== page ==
Remember when vertical gardens first hit the scene? They were glorious, but they all seemed to require access to a 20-story building, an impossibly high-tech irrigation system, and approximately three million dollars worth of plants. These days there are vertical gardens—and vertical garden tutorials—to suit every space, style, level of skill, greenness of thumb, and plant budget.
Protect the Walls and Floors
Erick created his living feature wall out of plants from Lowe's and the Woolly One from Woolly Pockets. In the comments, he helpfully shared some tips for the crucial matter of protecting your walls and floors.
leadingedge @ErickMillan sorry one other question. do you find that the woolly pockets cause moisture on the wall that they are hanging on?
ErickMillan @leadingedge Hi ! I would suggest that before you mount your wolly pockets on the wall, put an extra layer of plywood (coated with water sealer), it takes more time but it will save you lot of money in the future.
MelCrawf @ErickMillan Interesting idea — still worried about walls (and the floor underneath?) I love it so much I'm so tempted to try it, but I love my 98 year old floors a little more... :) Beautiful home, and amazing use of plants.
ErickMillan @MelCrawf the trick is wetting the back of the wolly pocket with not a lot of water. But if you want to be extra careful water them in the morning, put a bucket under neat and by the afternoon you are able to remove the bucket.
Maybe Leave the Irrigation to the Pros
This fabulous vertical garden was installed by Allen Silverman using products from Woolly Pocket. Growing something this ambitious indoors requires an irrigation system—which can be tricky to get right, as Snog Productions confessed.
Biggest Embarrassment: The rainforest cafe!! That's what we called the vertical garden for the first few months after installing it and getting the irrigation system just right. It rained for about 3 minutes every Tuesday at noon.
Build a Bathroom Garden (Using Kitchen Materials)
This lush wall garden was made by the residents using IKEA kitchen rails and utensil holders. The happily growing herbs add a pleasant scent to the bathroom at all times but are especially indulgent when added to a hot bath.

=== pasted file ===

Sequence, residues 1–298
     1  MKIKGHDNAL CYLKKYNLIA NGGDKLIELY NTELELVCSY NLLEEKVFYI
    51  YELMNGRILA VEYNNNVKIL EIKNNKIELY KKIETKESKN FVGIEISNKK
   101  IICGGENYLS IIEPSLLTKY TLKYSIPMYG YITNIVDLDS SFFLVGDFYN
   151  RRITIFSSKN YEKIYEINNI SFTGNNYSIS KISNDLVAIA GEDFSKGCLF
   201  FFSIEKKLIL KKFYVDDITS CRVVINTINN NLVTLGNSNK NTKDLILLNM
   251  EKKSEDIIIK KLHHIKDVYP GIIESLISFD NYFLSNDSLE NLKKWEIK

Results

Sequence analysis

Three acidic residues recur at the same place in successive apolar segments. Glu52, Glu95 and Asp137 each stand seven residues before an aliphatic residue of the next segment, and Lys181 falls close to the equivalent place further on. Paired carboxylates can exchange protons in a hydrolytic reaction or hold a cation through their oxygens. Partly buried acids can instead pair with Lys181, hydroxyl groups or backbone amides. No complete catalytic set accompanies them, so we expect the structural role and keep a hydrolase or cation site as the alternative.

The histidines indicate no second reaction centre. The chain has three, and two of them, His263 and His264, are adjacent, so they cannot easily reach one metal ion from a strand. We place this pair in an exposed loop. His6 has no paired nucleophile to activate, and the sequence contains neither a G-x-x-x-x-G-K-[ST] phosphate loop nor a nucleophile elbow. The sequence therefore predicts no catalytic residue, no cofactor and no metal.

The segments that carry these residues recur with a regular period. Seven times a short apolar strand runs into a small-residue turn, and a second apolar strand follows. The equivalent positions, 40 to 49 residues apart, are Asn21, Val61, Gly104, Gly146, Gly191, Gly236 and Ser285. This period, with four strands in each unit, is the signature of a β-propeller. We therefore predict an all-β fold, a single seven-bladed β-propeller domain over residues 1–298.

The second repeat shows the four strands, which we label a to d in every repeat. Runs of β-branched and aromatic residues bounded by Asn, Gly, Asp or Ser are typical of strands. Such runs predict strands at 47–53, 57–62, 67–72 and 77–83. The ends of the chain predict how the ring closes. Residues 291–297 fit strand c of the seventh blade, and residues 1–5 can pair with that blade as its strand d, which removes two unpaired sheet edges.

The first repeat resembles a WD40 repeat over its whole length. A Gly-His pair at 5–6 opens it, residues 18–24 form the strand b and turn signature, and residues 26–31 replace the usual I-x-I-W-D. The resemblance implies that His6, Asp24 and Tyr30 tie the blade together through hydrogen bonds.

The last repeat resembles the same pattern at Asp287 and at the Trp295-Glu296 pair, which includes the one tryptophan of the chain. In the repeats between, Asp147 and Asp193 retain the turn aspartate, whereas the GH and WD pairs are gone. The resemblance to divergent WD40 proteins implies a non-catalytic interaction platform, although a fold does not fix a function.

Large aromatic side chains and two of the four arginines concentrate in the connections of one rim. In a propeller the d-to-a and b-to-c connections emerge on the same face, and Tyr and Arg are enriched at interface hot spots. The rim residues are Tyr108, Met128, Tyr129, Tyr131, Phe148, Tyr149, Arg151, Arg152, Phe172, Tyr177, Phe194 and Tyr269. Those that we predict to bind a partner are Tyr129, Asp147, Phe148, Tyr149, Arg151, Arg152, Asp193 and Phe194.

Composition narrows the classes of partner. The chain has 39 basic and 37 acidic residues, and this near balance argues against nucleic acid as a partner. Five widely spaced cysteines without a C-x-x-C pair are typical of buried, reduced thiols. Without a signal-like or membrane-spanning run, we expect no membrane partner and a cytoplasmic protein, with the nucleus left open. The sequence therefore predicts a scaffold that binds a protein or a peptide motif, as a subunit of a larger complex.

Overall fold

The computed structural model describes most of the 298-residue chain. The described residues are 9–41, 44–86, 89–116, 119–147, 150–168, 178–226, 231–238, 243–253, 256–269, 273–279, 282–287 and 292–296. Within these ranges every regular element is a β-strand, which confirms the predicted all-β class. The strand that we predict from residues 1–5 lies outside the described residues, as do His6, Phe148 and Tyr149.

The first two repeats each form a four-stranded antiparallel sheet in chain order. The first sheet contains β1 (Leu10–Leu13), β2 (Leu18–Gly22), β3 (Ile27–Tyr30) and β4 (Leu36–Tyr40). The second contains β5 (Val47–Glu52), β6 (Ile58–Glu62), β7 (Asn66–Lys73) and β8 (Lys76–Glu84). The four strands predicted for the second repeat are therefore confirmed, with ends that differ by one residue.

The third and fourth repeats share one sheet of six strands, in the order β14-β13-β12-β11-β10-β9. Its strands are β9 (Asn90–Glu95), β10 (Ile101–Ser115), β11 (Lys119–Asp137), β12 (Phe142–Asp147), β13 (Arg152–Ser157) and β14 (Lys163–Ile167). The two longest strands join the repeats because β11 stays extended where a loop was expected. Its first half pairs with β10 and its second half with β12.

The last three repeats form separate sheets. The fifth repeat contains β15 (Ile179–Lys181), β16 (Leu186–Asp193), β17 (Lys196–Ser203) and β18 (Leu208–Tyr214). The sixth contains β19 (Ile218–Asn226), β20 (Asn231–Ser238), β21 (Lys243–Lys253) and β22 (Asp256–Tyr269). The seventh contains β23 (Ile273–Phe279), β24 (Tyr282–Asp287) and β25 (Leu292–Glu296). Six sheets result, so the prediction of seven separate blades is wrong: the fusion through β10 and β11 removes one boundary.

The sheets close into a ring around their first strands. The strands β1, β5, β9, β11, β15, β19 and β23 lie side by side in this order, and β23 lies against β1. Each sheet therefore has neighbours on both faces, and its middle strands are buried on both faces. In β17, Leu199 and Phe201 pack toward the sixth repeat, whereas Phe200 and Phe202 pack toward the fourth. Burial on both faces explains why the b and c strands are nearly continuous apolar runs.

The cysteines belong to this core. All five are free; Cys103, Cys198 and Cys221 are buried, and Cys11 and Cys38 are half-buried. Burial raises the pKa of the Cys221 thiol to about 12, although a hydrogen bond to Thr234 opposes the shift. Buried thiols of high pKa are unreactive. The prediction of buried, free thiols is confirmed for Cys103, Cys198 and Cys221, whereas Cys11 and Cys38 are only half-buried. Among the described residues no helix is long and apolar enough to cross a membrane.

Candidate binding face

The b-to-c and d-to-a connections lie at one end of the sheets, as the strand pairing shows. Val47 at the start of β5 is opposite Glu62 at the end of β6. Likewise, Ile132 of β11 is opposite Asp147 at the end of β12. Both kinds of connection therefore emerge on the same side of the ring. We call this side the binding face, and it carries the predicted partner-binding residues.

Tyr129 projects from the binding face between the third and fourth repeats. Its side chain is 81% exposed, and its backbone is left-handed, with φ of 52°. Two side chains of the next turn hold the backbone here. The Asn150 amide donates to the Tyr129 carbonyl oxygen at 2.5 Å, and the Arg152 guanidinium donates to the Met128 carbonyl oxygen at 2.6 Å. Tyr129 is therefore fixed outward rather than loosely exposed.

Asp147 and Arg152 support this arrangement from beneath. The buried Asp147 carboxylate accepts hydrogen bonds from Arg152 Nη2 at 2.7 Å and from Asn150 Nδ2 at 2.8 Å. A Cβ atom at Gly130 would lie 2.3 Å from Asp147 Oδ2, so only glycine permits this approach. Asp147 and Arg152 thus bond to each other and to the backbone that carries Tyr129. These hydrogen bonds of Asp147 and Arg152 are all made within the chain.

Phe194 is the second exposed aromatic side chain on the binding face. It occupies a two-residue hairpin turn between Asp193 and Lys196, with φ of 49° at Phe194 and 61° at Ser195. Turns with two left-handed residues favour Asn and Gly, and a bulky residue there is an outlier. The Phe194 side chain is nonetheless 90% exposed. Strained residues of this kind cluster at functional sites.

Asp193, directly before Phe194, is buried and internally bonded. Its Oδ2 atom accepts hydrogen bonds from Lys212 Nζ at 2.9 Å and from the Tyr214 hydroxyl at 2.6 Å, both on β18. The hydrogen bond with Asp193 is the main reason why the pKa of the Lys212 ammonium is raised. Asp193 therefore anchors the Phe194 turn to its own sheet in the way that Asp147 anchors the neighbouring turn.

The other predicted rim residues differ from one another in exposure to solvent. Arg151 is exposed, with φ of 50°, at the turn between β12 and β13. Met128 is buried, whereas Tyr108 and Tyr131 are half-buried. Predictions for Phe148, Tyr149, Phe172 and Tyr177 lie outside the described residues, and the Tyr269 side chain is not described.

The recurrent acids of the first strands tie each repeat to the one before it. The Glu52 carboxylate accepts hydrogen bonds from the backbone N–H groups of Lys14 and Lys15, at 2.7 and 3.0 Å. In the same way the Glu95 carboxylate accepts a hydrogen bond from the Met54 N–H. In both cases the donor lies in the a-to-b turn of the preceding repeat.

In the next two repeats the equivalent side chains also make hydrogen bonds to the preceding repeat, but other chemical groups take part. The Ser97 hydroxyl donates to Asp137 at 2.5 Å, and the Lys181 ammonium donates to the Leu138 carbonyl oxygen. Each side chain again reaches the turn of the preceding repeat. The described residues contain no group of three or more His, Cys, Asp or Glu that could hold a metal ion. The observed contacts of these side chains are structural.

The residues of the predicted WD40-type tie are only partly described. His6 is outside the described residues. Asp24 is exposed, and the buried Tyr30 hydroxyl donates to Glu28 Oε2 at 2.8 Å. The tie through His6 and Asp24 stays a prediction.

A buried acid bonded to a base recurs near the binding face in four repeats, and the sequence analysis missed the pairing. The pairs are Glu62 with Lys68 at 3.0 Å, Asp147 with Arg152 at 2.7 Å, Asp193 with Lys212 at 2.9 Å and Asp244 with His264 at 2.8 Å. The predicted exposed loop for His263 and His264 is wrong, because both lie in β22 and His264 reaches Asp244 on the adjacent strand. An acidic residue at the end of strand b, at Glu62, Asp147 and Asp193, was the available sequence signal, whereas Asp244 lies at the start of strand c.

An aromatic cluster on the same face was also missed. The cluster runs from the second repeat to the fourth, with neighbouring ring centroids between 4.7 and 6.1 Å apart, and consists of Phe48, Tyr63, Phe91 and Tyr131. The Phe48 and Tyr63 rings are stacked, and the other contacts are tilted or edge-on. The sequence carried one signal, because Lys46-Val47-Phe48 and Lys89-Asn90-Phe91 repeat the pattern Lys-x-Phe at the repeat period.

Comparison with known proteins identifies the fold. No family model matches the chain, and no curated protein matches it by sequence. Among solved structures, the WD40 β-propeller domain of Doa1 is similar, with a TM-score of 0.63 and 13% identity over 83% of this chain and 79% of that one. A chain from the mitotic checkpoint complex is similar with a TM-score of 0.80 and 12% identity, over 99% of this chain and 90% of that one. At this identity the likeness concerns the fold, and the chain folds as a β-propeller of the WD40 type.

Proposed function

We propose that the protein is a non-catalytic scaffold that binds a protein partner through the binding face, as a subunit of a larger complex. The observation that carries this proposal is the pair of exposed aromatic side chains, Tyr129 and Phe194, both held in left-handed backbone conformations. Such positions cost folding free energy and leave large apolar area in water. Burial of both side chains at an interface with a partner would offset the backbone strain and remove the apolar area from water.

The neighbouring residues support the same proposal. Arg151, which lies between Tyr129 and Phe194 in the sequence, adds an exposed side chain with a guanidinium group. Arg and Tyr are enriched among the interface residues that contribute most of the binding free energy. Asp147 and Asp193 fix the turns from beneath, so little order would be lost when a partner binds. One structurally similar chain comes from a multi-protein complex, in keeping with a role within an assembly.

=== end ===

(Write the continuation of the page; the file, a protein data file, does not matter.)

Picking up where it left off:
Let One Plant Run Wild
Tim's home boasts many beautiful plants, but one takes the cake. Yes, this vertical garden consists of just one amazing plant that Tim has cultivated for over a decade; in the comments he revealed the origins of the beast.
lleello Looks really amazing! Can anyone tell me the name of that giant plant please? That photo makes want to start something similar too.
rosekraft @lleello It's a Cissus rhombifolia, common name - grape ivy. Goes crazy if it likes the light and temperature conditions.
Tim Tripp @lleello I can confirm, it's a grape ivy. The previous owner had left a moderate sized pot of it on the corner where the biggest bunch is now. It did so well that that repotted it into a bigger container, then picked up some window boxes to spread it along the hall.
Sofia created her vertical garden out of cinderblocks, demonstrating that these humble blocks can be chic as hell. A plant wall like this can be added to and reconfigured as needed, allowing your garden to grow as your gardening skills and plant budget do—or as you come across more cinderblocks!
Grow a Feast in a Few Square Feet
Don't despair if you have a postage stamp-sized yard. This tower garden is overflowing with lettuces, strawberries, herbs, and other lightweight edible plants, all on a very small footprint. The version pictured here was designed by Arterra Landscape Architects and can be obtained for $2,000, or you can use Sunset's tutorial to build your own for about $140.